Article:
The basis for the snow load computation in ASCE 7-05 is the ground snow load. The value used for the ground snow load should represent the snow load that has a 50 year mean recurrence interval, or, in other words, a 2% probability of being exceeded in any given year. As mentioned in the ASCE 7-05 commentary, the values proposed in the specification are the result of extreme value statistical analysis using weather records.  ASCE 7-05 Figure 7-1 shows a map of the United States with contours for ground snow load. In the mountainous western US there are large areas listed as being "CS". Site specific case studies are required in these areas. Experience has shown that there are very large local variations in snow load in mountainous regions. Local knowledge should be obtained in these areas, particularly when snow records are few or non-existant. For the US state of Alaska, Table 7-1 gives ground snow loads for a number of communities. In the case of Alaska, there are few recommendations for most remote areas of the state. Some weather data is available from which statistical analysis can be done for many locations.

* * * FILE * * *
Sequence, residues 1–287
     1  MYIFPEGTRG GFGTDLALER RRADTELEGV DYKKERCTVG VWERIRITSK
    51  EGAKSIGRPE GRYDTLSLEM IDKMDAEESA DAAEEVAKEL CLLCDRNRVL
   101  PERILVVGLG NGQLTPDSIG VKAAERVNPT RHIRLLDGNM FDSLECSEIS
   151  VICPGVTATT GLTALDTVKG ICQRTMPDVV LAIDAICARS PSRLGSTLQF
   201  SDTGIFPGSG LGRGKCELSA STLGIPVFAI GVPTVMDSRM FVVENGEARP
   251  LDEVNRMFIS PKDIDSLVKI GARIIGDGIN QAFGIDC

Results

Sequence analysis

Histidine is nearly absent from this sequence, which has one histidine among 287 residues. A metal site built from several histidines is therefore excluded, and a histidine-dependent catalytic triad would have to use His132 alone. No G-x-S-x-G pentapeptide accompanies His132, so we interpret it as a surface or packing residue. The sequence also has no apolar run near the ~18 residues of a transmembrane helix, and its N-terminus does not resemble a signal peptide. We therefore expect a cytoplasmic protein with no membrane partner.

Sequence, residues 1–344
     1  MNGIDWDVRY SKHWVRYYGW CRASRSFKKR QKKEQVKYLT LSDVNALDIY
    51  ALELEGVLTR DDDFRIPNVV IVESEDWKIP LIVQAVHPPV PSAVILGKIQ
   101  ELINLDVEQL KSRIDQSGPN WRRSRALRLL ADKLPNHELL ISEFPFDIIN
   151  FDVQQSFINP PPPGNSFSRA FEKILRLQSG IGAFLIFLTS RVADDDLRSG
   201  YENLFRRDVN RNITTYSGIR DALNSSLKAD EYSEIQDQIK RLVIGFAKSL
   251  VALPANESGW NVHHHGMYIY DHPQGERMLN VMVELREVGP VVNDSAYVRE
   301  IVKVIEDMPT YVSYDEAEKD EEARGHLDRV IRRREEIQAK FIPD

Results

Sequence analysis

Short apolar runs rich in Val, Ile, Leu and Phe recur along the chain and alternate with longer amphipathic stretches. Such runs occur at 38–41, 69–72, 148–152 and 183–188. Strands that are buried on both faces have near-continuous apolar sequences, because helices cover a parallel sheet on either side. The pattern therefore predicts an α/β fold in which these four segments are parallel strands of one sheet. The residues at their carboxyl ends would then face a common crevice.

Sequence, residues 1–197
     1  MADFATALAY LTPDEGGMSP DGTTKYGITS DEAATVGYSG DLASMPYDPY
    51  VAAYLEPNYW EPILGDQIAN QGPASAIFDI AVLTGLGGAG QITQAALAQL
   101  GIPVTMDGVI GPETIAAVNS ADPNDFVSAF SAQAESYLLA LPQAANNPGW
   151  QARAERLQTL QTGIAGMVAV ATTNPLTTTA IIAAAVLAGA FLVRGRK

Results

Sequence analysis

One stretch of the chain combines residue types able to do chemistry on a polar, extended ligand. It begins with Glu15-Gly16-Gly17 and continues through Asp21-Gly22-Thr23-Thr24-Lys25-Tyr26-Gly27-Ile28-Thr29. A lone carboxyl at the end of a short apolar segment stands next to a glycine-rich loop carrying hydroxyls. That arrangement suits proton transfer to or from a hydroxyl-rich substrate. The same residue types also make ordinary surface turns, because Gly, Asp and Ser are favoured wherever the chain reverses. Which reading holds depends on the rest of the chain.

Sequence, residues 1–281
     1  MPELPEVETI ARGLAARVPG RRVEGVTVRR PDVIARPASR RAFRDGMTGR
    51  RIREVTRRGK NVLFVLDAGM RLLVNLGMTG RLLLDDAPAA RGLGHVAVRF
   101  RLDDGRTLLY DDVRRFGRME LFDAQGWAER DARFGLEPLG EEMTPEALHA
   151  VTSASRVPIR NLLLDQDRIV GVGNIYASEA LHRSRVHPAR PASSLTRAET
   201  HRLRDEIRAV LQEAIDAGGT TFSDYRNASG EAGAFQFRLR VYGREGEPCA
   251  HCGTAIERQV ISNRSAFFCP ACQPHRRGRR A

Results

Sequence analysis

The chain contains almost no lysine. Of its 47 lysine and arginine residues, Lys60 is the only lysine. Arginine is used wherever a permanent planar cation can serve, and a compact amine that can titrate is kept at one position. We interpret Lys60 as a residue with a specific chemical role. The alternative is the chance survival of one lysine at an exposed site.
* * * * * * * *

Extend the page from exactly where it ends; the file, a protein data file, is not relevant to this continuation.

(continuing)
Site specific case studies are needed when either the ASCE 7-05 map and table don't provide the required data or there is suspicion that the published general values are not accurate for the site. The commentary discusses the factors that should be considered in making a site specific study. History of development in arctic regions in the past 40 years has shown many cases where improper snow load decisions were made because of the lack of credible data. In regions where data is lacking, it best to be very conservative in your ground snow load estimates. Where possible local records and experience should be included in the snow load decision. Snow load data obtained depth measurements can be reasonably accurate IF an accurate average snow density can be found. This density may vary with elevation and latitude. Figure 8.2.1 shows some snow density vs. depth measurements taken in the southcentral Alaska during the winter of 2006-2007. Each curve represents the density vs depth measurements for a single test hole. You will note that there is a difference in the density of the snow at the several locations.